Hey, AI software developers, you’re considering Unicode, right? • The registry
analysis Computer scientists have detailed options on how AI language systems – including some in production – can be misled to make bad decisions by using text with unseen Unicode characters.
We are told that account numbers can be exchanged, recipients of transactions can be changed and the moderation of comments can be bypassed using hidden special characters. And it is alleged that software developed by Microsoft, Google, IBM, and Facebook can potentially be fooled by carefully crafted Unicode.
The problem is that ambiguities or discrepancies can arise when the machine learning software ignores certain invisible Unicode characters. For example, what is displayed or printed out on the screen does not match what the neural network saw and decided. It may be possible to use this lack of Unicode awareness for nefarious purposes.
As an example, you can get the Google Translate web interface to convert the English phrase “Send money to account 4321” to the French “Envoyer de l’argent sur le compte 1234”.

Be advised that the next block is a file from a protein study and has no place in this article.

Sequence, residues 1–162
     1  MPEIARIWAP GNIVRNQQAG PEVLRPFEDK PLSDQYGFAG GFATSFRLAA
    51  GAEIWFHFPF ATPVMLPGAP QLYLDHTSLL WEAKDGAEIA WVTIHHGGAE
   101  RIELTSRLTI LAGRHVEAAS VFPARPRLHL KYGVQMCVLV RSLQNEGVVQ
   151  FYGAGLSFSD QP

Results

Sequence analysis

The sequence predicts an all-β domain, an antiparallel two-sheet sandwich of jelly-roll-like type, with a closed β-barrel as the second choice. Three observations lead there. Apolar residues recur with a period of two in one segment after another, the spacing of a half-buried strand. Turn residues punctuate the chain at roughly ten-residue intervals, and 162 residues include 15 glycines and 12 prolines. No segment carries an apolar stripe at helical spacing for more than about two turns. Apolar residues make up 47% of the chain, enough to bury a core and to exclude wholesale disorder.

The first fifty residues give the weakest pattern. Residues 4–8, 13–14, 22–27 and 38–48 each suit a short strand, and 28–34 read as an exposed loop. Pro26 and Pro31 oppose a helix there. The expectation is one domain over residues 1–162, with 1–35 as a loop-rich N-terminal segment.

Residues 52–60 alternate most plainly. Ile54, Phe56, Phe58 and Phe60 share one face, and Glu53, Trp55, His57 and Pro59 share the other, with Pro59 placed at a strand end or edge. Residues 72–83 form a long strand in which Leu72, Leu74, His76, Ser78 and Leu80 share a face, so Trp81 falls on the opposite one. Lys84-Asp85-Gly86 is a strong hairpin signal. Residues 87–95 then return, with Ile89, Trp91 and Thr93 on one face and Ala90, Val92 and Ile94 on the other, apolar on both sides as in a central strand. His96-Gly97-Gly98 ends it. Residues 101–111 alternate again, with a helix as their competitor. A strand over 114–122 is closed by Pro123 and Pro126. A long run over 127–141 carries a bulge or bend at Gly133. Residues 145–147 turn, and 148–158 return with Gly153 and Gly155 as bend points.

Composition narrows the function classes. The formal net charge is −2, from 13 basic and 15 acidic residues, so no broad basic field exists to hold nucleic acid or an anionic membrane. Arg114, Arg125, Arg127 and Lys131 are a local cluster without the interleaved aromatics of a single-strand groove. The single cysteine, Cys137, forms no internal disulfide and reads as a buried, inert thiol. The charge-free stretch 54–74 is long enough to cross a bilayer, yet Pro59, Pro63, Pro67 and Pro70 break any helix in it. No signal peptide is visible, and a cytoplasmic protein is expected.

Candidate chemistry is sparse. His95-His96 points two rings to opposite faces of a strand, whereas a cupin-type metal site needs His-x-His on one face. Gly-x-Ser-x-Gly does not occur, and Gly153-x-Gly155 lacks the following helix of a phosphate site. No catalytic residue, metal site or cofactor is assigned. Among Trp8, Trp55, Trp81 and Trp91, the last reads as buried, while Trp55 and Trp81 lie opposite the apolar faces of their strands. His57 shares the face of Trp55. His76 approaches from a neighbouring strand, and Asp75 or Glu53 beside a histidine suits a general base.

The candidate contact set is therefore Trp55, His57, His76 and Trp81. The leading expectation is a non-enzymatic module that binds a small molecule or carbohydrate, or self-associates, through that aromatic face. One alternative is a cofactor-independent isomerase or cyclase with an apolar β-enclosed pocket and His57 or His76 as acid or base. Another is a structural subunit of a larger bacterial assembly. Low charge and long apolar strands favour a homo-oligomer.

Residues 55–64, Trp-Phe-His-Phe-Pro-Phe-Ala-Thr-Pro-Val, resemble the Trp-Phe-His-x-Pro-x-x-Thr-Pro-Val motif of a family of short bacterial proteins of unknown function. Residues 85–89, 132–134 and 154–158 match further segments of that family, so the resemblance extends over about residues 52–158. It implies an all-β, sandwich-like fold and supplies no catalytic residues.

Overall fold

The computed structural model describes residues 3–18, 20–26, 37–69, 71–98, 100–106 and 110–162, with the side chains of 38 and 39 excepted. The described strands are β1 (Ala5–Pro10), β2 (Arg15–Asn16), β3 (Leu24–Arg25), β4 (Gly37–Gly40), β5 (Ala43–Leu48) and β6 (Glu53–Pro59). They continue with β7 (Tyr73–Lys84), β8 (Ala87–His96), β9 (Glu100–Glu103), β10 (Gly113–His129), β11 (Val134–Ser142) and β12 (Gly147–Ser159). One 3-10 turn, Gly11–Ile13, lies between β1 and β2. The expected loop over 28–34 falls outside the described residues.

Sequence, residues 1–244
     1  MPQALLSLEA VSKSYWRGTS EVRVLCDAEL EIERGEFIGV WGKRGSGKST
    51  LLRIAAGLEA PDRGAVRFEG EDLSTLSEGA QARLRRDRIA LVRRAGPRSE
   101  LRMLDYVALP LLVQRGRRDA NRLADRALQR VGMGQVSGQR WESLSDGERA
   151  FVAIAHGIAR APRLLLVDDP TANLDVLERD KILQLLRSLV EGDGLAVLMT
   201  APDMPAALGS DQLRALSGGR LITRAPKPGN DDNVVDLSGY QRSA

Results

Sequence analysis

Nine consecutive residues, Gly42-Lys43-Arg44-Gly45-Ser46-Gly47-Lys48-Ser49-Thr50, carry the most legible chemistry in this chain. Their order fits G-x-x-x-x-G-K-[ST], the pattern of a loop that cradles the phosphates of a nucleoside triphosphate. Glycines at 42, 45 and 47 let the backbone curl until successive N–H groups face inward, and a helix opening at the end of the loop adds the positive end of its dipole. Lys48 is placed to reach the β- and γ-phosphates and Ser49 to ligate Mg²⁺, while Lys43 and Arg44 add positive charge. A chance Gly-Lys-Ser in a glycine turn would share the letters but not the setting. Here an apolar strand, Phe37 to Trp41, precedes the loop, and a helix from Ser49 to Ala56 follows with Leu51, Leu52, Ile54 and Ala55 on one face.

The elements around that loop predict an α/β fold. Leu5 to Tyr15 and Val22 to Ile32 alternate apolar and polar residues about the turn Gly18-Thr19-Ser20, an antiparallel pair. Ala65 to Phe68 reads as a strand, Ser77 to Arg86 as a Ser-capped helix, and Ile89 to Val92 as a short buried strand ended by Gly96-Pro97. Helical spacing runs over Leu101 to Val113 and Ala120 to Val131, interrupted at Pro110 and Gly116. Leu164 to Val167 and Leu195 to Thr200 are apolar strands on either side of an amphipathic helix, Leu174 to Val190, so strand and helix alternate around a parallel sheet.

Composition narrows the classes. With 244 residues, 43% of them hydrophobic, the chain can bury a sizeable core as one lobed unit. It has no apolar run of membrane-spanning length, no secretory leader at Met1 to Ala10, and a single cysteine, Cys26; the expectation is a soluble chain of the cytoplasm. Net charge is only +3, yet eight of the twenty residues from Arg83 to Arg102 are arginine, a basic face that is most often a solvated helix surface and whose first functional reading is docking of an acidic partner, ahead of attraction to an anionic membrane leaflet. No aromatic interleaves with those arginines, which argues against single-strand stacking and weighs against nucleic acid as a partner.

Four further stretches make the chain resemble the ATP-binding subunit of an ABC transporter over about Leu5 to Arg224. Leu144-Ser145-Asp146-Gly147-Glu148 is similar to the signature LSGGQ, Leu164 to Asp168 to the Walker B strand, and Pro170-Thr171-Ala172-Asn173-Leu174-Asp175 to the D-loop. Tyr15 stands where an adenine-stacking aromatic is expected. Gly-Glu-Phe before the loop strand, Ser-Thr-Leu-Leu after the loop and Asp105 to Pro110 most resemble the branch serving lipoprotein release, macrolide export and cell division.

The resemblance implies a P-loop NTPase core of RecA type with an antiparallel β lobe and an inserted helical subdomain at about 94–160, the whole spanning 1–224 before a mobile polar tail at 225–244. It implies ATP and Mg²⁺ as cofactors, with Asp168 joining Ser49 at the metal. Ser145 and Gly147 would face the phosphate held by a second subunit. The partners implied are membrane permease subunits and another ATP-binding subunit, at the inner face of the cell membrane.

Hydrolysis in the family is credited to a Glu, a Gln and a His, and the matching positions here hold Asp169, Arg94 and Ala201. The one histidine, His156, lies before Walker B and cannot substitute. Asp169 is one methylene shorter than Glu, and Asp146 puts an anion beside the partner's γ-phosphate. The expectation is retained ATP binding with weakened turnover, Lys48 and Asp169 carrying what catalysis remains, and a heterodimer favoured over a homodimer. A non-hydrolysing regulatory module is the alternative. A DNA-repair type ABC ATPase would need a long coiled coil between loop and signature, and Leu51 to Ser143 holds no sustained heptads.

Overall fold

Fool Google Translate with Unicode. click to enlarge
This is done by entering “Send money to account” on the English page and then inserting the invisible Unicode glyph 0x202E, which changes the direction of the next text we entered – “1234” – to “4321”. The translation engine ignores the Unicode special character, so we see “1234” on the French side, while the browser obeys the character and displays “4321” on the English side.
It is possible to take advantage of an AI assistant or web app using this method to commit fraud, although we are introducing them here in Google Translate just to illustrate the effect of hidden Unicode characters. A more practical example would be feeding the sentence …
… in a comment moderation system, where
U+8 is the invisible Unicode character to delete the previous character. The moderation system ignores the backspace characters, instead sees a series of misspelled words and cannot detect any toxicity – while browsers correctly reproduce the comment, they say “You are a coward and a fool”.
This way you can trash talk with hidden Unicode characters in your message or post without triggering the moderation system. This has been demonstrated to varying degrees using IBM’s Toxic Content Classifier and Google’s Perspective API.
This nonsense reminds us of adversarial attacks on computer vision systems that resulted in a Tesla going faster than top speed and an apple being mistaken for an iPod.
What is decisive, however, is that these Unicode gimmicks abuse the processing of input text by machine learning systems instead of exploiting weaknesses in the depths of a neural network.
Our attacks work against currently deployed commercial systems
It was academics from the University of Cambridge in England and the University of Toronto in Canada who highlighted these issues and presented their findings in a paper published on arXiv in June this year.